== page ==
| The Detroit News
Tom Wilson, a sports and entertainment executive in Metro Detroit for more than four decades who oversaw the design and construction of The Palace of Auburn Hills and later helped make Little Caesars Arena an anchor of downtown Detroit, announced Wednesday he will retire from Olympia Entertainment, effective Thursday.
Wilson, most recently, has been president emeritus of Olympia Entertainment, the umbrella company for 313 Presents, the Detroit Red Wings and Detroit Tigers. He had been CEO of Olympia for nine years, after a 32-year run with the Detroit Pistons, 22 of which he was president and CEO of Palace Sports & Entertainment, overseeing the Pistons and the company’s three music venues.
“I’ve been very, very fortunate,” Wilson, 71, told The Detroit News in an interview Wednesday morning. “Overall, I have nothing but great memories. I was 11 years out of Cass Tech and running and NBA team. How does that happen? In what fantasy world would I have that opportunity?”
Wilson, who grew up at Six Mile and Woodward Avenue and attended Cass Tech and Wayne State, joined the Pistons in 1978, and was named CEO the following year. The Pistons broke ground on The Palace in 1986, and it opened in 1988 to rave reviews — and in time to host Pistons championships in 1989 and 1990.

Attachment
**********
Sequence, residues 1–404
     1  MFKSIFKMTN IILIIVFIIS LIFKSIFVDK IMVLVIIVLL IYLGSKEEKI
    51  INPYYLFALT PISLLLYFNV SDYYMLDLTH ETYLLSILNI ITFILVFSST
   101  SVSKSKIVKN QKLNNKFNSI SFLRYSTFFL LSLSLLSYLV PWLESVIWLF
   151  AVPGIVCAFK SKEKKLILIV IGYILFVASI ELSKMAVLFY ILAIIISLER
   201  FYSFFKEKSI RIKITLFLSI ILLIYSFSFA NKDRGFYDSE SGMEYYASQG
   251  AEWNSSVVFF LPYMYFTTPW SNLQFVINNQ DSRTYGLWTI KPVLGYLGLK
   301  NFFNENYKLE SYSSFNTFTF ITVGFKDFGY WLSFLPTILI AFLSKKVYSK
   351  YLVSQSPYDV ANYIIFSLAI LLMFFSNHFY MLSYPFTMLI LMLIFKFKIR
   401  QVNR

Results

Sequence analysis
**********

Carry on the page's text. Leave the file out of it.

The Palace, built for $80 million solely with Pistons owner Bill Davidson’s funds, marked a sea change in NBA arenas.
The arena featured more than 100 suites, on three levels, including the most exclusive on the lower level, 16 rows from the court. NBA commissioner David Stern told all NBA executives building new arenas to visit The Palace during design and development, declaring the NBA was in the entertainment business, not the basketball business.
“Nobody had ever done that before,” said Wilson, adding that Davidson gave him the initial budget and said beyond that, “The bank’s closed.” “That allowed us to charge more money than anybody had ever received, anywhere in the country.
“We were profitable before we ever opened the doors.”
In 1993, Wilson was named president and CEO of the Pistons. And in 2004, he oversaw a banner year with Palace Sports & Entertainment, with the Pistons, Detroit Shock of the WNBA and the PSE-owned Tampa Bay Lightning of the NHL all winning their respective championships, the first time ever in North American pro sports that one owner held three championships at the same time.
“It was embarrassment of riches,” Wilson said, with a laugh. “Nobody’s ever done that and probably no one will do it again. Nobody’s crazy enough to own that many teams.”
All told, he has nine championship rings, including three with the Pistons, three with the Shock and one with the Lightning.
Davidson, the longtime Pistons owner whom Wilson considered a father figure, died in 2009, and in 2010, Wilson got a call from Chris Ilitch. Wilson never would’ve left had Davidson been alive or if the Pistons stayed in the family, but Olympia eventually hired Wilson away from Palace Sports & Entertainment, just before Tom Gores bought the Pistons in 2011. With Olympia, Wilson also oversaw Fox Theatre, City Theatre and operations at Comerica Park and, before LCA, Joe Louis Arena.